French co-chairman post of Minsk Group is queried at OSCE PA
Azerbaijan, Baku, Feb. 27 / Trend M.Aliyev /
The question of keeping the French co-chairmanship of the Minsk Group has been raised by the Azerbaijani delegation at the 11th session of the OSCE Parliamentary Assembly, deputy chairman of the Azerbaijani Parliament Bahar Muradova told Trend on Monday.
She said the Azerbaijani delegation raised a number of important questions at the first plenary session of the OSCE in Vienna.
"In particular the question of what extent it is possible to believe the impartiality of France as a co-chair of the Minsk Group on the Nagorno-Karabakh conflict, taking into account that it adopted a law criminalising the denial of the so-called "Armenian genocide".
"How does the OSCE assess this law against the terms of freedom of speech and opinion? Also, what is the attitude of the OSCE and its Parliamentary Assembly to France's step," Ms Muradova said. She noted not an abstract rather than concrete answer was given to these questions.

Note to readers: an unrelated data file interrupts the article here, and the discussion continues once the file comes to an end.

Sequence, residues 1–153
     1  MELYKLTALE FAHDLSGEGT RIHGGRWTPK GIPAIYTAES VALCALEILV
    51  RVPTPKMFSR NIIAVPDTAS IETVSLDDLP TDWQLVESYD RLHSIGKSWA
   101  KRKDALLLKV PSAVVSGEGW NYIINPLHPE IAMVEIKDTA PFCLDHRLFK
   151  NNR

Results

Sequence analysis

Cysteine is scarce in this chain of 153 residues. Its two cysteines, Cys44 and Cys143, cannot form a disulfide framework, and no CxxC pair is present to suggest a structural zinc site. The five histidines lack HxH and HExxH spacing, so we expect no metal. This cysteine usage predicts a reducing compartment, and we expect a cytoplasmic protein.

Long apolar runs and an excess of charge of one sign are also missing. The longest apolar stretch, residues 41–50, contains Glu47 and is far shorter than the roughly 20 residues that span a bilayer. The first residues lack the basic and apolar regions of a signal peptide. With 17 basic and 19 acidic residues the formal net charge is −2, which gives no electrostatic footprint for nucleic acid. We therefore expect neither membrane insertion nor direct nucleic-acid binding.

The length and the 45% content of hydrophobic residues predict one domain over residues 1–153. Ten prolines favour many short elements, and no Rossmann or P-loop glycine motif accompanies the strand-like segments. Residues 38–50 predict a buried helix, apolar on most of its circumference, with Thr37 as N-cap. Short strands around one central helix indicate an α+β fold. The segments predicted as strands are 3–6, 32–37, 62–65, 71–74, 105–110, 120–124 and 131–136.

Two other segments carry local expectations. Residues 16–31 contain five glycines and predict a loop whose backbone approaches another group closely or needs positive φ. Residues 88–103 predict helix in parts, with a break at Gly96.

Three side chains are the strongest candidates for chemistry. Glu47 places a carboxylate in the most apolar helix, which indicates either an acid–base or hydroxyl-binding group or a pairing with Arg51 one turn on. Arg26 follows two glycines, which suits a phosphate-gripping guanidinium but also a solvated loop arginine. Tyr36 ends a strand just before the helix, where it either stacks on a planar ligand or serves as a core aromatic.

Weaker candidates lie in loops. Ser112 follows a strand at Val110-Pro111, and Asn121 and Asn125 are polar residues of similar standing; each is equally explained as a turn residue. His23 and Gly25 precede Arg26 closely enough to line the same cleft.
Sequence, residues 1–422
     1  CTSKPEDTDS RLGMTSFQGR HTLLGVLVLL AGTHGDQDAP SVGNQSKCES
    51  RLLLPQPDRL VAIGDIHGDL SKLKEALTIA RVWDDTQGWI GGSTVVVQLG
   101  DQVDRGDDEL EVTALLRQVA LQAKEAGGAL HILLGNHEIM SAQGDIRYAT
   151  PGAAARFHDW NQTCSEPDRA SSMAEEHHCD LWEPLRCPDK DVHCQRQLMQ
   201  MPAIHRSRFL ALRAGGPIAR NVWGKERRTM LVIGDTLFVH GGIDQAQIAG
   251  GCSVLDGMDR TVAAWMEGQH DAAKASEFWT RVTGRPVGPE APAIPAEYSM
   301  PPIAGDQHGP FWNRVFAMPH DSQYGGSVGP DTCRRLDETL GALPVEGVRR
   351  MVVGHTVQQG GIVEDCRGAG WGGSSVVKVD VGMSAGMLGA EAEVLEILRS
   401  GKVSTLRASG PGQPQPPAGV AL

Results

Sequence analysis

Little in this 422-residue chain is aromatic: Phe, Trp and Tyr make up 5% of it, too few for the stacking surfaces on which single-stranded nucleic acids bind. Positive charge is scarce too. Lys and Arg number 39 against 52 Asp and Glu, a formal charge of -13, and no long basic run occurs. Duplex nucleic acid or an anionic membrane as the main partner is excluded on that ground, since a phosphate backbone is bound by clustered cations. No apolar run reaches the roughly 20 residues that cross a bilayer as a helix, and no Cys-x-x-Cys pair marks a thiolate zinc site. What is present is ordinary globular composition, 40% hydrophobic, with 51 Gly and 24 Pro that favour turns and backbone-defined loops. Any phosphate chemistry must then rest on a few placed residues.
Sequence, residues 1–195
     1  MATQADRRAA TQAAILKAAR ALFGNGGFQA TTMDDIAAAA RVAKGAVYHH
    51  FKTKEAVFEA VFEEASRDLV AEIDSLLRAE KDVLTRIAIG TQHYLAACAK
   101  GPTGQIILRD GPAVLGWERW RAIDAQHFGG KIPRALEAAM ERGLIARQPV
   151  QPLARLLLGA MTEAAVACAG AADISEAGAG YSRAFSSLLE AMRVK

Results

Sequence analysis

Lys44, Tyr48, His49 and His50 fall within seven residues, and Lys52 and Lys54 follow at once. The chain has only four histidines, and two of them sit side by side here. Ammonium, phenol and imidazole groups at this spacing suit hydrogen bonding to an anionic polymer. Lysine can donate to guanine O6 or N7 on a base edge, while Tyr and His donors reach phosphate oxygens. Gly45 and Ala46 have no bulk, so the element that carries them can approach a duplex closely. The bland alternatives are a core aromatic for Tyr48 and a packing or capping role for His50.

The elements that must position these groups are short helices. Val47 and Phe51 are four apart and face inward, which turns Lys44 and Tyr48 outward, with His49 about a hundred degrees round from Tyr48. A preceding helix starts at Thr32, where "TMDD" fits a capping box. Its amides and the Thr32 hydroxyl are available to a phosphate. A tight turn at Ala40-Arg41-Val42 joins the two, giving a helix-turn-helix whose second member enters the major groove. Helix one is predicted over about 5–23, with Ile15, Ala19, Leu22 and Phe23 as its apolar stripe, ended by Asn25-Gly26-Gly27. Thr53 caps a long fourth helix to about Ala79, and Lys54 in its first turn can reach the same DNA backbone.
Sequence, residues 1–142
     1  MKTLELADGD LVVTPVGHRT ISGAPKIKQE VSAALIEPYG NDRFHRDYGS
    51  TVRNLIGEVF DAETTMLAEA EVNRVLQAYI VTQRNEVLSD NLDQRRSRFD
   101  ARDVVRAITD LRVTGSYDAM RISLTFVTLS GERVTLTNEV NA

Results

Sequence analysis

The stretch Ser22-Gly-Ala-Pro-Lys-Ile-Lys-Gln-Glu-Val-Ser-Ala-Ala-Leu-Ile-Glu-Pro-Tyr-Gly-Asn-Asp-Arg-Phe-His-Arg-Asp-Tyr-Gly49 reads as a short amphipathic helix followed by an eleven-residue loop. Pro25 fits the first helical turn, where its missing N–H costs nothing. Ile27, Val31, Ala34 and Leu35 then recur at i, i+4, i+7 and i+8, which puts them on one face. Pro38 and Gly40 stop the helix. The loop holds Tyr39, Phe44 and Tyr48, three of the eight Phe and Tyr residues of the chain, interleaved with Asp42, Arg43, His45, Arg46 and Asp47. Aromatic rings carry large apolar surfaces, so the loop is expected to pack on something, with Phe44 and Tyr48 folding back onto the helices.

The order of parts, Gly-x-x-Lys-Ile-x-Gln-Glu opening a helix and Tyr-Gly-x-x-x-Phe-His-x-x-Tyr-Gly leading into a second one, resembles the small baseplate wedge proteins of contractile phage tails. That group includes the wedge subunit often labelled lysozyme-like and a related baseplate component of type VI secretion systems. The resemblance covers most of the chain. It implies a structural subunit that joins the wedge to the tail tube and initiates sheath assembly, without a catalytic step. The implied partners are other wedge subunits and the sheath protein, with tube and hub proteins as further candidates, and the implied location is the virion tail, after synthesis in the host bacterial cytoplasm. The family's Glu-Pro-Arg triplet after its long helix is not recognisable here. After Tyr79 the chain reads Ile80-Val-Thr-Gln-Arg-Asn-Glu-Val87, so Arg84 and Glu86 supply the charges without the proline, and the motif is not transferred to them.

"In particular, it was said that it's necessary to take advantage of the existing format of the OSCE Minsk Group, to look only to the future and identify suitable targets for the solution of the problem," Ms Muradova said.
She said during a debate a member of the French delegation said that the aforementioned law is directed not only against Turkey and not only the "Armenian genocide", but all mass murders committed and bloodshed.
"The French representative found it necessary to remind us that this law is being considered by the Constitutional Council and has not yet come into force," she said.
No one in the OSCE Parliamentary Assembly except for the Azerbaijani delegation expressed regret in relation to the law being adopted in France, Ms Muradova noted.
The conflict between the two South Caucasus countries began in 1988 when Armenia made territorial claims against Azerbaijan. Armenian armed forces have occupied 20 per cent of
Azerbaijan since 1992, including the Nagorno-Karabakh region and seven surrounding districts.
Azerbaijan and Armenia signed a ceasefire agreement in 1994. The co-chairs of the OSCE Minsk Group - Russia, France and the U.S. - are currently holding peace negotiations.
Armenia has not yet implemented the U.N. Security Council's four resolutions on the liberation of the Nagorno-Karabakh and the surrounding regions.